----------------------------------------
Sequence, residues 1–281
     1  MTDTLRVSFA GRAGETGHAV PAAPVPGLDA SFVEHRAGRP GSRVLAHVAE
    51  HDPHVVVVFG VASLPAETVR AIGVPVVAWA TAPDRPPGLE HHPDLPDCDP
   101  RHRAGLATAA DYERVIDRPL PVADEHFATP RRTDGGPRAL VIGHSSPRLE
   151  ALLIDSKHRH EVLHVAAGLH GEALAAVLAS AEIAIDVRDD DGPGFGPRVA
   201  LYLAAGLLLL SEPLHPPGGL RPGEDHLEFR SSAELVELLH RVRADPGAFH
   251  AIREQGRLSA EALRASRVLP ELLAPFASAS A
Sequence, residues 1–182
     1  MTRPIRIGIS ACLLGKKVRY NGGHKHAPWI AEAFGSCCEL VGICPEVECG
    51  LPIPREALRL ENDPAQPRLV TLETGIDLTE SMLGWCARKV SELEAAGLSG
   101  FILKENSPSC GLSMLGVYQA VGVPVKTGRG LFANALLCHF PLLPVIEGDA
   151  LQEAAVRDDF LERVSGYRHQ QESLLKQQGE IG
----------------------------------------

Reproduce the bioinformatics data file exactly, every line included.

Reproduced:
Sequence, residues 1–281
     1  MTDTLRVSFA GRAGETGHAV PAAPVPGLDA SFVEHRAGRP GSRVLAHVAE
    51  HDPHVVVVFG VASLPAETVR AIGVPVVAWA TAPDRPPGLE HHPDLPDCDP
   101  RHRAGLATAA DYERVIDRPL PVADEHFATP RRTDGGPRAL VIGHSSPRLE
   151  ALLIDSKHRH EVLHVAAGLH GEALAAVLAS AEIAIDVRDD DGPGFGPRVA
   201  LYLAAGLLLL SEPLHPPGGL RPGEDHLEFR SSAELVELLH RVRADPGAFH
   251  AIREQGRLSA EALRASRVLP ELLAPFASAS A
Sequence, residues 1–182
     1  MTRPIRIGIS ACLLGKKVRY NGGHKHAPWI AEAFGSCCEL VGICPEVECG
    51  LPIPREALRL ENDPAQPRLV TLETGIDLTE SMLGWCARKV SELEAAGLSG
   101  FILKENSPSC GLSMLGVYQA VGVPVKTGRG LFANALLCHF PLLPVIEGDA
   151  LQEAAVRDDF LERVSGYRHQ QESLLKQQGE IG